Japan aims to regulate all online communication

Japan A bizarre plan to censor virtually all online communication and content was quietly unveiled by the Japanese government on 6 December 2007. They seem to believe they can succeed where China failed. Bloggers are drawing attention to the plan, thank goodness.

Shioyama: Regulating the Japanese cyberspace, one step at a time

With little fanfare from local or foreign media, the Japanese government made major moves this month toward legislating extensive regulation over online communication and information exchange within its national borders. In a series of little-publicized meetings attracting minimal mainstream coverage, two distinct government ministries, that of Internal Affairs and Communications (Somusho) and that of Education, Culture, Sports, Science and Technology (Monbukagakusho), pushed ahead with regulation in three major areas of online communication: web content, mobile phone access, and file sharing.

The first move to enforce the plan was made on 10 December. You can see where they're coming from, but where are they going? Is this scary or simply ludicrous?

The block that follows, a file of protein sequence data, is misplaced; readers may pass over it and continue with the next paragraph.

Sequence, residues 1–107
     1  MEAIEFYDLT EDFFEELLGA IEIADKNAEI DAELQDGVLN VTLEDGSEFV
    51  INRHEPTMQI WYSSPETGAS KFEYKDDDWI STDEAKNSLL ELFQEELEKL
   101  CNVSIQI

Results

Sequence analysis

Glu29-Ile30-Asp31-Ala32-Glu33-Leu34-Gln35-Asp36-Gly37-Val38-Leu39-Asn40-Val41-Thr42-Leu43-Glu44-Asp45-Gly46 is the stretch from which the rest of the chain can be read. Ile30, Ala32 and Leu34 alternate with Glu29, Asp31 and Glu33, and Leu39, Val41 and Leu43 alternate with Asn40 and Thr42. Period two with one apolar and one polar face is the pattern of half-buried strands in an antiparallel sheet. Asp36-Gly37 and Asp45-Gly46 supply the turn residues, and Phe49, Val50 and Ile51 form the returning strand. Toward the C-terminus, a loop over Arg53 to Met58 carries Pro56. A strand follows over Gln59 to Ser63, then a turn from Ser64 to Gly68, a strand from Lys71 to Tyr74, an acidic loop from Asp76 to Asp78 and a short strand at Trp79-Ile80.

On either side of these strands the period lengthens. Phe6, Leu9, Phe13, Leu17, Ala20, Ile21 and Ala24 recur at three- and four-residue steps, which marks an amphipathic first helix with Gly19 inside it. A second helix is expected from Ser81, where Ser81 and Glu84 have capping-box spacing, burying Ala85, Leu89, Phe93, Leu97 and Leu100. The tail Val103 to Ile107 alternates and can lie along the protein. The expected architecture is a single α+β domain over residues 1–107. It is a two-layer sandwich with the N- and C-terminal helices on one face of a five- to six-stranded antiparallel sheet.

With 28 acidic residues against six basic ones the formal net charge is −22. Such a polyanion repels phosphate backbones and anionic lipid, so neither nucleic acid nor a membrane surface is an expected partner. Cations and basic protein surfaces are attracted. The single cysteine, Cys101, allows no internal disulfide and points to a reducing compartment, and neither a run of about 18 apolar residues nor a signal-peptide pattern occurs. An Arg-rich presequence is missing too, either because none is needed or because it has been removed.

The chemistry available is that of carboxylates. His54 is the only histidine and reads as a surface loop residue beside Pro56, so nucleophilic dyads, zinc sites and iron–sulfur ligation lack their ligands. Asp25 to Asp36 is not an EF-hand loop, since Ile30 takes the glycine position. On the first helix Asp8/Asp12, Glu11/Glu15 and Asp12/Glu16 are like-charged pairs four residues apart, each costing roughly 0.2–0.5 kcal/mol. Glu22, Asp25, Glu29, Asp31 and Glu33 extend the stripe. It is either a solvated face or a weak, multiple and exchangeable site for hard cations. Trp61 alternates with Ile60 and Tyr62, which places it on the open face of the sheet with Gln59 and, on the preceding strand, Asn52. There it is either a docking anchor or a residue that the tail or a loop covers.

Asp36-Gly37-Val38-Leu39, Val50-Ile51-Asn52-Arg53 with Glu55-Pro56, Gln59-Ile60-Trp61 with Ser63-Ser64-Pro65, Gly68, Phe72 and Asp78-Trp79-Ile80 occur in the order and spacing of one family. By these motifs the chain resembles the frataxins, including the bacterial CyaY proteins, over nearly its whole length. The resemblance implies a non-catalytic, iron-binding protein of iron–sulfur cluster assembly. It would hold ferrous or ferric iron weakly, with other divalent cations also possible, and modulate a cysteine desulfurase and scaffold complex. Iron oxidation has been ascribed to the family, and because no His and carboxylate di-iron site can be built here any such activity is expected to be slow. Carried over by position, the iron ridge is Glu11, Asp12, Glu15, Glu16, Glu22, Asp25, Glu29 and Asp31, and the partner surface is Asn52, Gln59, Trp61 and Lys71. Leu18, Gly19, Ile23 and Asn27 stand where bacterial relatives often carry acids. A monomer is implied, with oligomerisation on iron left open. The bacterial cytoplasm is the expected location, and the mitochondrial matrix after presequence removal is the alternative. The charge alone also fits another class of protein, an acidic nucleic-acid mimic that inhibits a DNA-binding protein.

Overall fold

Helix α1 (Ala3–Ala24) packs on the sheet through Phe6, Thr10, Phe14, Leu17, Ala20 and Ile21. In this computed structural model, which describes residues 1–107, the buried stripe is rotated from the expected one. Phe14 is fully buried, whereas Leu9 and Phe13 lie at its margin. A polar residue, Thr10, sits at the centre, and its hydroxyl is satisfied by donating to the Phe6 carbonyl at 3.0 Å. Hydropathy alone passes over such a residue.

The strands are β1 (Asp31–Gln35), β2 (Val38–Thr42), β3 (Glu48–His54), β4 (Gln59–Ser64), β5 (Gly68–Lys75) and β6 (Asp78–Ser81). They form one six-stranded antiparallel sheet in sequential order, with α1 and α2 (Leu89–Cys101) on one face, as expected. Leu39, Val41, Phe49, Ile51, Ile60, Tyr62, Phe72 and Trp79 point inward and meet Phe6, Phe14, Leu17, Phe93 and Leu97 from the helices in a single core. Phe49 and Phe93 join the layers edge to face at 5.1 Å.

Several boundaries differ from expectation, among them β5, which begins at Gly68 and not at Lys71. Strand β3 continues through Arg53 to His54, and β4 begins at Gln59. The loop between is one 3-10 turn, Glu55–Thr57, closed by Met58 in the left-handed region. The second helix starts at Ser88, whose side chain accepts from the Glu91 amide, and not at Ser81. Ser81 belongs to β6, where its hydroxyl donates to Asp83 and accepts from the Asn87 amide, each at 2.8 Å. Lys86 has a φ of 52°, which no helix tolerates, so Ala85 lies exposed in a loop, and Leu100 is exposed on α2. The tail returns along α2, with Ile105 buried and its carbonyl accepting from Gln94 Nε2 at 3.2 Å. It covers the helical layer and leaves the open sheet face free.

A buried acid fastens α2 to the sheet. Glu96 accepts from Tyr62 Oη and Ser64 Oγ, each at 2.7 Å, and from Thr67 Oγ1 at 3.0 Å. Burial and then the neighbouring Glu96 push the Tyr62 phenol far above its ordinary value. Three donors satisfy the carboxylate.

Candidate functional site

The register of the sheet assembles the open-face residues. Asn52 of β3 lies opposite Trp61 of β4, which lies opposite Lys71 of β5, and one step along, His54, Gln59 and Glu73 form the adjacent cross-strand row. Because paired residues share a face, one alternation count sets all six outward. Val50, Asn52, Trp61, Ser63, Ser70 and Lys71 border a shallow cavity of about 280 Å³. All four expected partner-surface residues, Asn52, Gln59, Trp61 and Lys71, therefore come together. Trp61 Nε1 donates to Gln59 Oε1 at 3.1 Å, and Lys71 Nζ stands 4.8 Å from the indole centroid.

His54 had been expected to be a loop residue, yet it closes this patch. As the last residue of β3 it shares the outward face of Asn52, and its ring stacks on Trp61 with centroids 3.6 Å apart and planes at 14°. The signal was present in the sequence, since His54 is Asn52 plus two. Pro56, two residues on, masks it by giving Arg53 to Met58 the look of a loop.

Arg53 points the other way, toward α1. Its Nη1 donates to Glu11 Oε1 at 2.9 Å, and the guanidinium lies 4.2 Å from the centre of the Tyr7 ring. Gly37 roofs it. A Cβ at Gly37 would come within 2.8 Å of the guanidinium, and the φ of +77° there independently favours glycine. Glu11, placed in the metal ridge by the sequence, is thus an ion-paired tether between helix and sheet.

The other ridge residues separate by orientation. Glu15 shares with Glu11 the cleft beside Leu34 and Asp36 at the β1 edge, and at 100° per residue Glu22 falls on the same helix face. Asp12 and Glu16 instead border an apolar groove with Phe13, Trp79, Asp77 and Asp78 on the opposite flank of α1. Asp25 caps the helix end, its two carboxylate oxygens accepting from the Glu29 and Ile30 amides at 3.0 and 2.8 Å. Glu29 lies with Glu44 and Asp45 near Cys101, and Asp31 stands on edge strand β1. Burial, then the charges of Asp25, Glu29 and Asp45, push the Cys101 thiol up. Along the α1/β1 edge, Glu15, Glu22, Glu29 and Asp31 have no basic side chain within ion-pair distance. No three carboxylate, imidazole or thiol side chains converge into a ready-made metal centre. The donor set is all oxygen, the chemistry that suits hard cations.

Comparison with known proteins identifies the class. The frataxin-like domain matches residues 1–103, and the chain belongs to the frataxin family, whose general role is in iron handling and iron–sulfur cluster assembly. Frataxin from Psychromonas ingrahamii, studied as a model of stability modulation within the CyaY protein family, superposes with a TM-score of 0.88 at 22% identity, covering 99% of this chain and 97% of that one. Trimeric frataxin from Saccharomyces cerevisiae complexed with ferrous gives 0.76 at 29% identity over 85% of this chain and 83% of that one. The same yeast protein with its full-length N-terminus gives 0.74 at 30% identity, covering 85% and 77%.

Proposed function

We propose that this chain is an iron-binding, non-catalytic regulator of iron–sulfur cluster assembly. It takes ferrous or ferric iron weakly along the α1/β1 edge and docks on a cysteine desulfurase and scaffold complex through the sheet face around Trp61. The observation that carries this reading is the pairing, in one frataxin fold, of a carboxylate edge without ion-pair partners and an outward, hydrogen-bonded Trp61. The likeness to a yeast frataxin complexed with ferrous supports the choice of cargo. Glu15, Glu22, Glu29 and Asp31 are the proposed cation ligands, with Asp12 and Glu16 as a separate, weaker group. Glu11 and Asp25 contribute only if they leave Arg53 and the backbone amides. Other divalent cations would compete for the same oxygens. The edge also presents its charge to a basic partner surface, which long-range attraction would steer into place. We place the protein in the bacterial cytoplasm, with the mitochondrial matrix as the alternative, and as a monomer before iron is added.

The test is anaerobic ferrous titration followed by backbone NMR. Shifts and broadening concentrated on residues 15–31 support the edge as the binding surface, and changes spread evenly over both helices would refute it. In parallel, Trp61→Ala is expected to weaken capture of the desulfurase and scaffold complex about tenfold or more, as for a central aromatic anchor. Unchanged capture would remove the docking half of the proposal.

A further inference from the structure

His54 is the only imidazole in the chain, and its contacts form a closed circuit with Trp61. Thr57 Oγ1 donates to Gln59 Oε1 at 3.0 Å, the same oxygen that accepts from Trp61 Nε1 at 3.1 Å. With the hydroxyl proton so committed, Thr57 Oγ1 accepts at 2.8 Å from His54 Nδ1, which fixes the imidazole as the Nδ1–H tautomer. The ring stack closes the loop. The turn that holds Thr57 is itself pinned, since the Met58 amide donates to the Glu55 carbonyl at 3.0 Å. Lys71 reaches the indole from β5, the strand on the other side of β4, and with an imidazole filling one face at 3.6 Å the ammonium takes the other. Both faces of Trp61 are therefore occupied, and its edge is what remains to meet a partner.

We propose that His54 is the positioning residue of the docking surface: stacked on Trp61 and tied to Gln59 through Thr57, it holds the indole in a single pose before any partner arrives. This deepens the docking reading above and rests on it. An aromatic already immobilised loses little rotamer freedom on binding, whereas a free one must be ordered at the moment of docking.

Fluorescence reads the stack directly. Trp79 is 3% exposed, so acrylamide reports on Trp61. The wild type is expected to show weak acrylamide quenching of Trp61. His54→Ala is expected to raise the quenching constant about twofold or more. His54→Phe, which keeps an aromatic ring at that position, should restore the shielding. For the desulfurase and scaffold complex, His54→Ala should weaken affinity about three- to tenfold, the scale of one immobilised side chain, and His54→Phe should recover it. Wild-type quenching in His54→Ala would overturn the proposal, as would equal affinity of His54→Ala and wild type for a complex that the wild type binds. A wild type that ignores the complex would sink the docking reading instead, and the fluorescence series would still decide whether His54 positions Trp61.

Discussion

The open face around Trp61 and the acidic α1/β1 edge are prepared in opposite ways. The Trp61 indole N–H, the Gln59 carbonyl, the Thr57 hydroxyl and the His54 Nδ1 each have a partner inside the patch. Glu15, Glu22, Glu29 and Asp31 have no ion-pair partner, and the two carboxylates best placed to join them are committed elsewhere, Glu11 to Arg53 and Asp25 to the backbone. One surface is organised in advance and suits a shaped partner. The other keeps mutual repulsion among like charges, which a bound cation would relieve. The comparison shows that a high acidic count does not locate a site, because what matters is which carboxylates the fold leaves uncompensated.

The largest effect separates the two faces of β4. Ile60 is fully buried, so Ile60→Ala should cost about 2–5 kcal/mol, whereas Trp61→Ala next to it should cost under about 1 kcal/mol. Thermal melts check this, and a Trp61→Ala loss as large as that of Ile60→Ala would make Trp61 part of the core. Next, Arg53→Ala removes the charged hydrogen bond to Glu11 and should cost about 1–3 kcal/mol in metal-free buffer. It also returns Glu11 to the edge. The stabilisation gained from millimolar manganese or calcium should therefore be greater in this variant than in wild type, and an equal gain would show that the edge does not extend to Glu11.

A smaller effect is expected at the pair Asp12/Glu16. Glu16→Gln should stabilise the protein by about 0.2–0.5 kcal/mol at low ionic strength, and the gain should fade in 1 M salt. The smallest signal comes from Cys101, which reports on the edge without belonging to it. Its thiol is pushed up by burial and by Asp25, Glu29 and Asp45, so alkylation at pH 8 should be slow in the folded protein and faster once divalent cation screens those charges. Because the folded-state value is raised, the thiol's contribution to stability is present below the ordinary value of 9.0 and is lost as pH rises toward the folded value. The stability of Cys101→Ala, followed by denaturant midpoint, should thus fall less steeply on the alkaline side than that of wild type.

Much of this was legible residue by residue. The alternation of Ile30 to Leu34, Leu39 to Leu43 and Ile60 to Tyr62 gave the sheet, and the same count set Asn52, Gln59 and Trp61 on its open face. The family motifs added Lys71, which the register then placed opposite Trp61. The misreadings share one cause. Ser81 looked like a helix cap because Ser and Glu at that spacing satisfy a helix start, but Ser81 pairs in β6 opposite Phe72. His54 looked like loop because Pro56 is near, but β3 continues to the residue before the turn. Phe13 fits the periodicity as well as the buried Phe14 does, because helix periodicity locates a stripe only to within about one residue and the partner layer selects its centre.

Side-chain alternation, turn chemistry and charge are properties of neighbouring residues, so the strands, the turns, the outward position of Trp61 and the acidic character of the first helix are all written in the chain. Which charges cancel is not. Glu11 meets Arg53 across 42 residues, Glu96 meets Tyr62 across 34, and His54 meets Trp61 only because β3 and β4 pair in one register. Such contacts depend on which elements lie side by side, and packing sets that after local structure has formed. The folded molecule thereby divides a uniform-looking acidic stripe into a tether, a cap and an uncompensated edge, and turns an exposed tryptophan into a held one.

the government on Dec. 10th requested that mobile phone companies NTT Docomo, KDDI, Softbank and Willcom commence strictly filtering web content to mobile phones for users under the age of 18.

Chris Salzberg: Final Report on Internet Regulation analyses the differences between the interim report and the final report. Astonishingly, the Ministry of Internal Affairs and Communications received hardly any responses on their web site inviting comments:

The interim report also recommended that public opinions be sought on the issue, so back in June and July the ministry opened a space on its webpage for people to submit comments. Later coverageKDDI and Sky Perfect Communications were in favour of legal restructuring but expressed reservations about the regulation of content, the Keidanren, Asahi Television, Fuji Television, Japan's public broadcaster NHK, and the Japan Newspaper Publishers & Editors Association were entirely against the plans. Many organizations, including Yahoo Japan, requested clarity about the range of what exactly constitutes “open communication”. Later coverage indicated that the government received a total of 276 responses, 222 from individuals and the remaining 54 from organizations.

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